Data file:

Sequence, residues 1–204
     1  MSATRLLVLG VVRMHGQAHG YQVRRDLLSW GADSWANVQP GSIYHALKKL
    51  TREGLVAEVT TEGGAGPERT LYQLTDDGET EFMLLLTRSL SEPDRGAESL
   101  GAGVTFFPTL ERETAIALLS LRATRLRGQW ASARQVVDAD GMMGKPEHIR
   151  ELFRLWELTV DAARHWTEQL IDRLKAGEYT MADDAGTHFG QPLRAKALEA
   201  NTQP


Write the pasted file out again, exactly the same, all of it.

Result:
Sequence, residues 1–204
     1  MSATRLLVLG VVRMHGQAHG YQVRRDLLSW GADSWANVQP GSIYHALKKL
    51  TREGLVAEVT TEGGAGPERT LYQLTDDGET EFMLLLTRSL SEPDRGAESL
   101  GAGVTFFPTL ERETAIALLS LRATRLRGQW ASARQVVDAD GMMGKPEHIR
   151  ELFRLWELTV DAARHWTEQL IDRLKAGEYT MADDAGTHFG QPLRAKALEA
   201  NTQP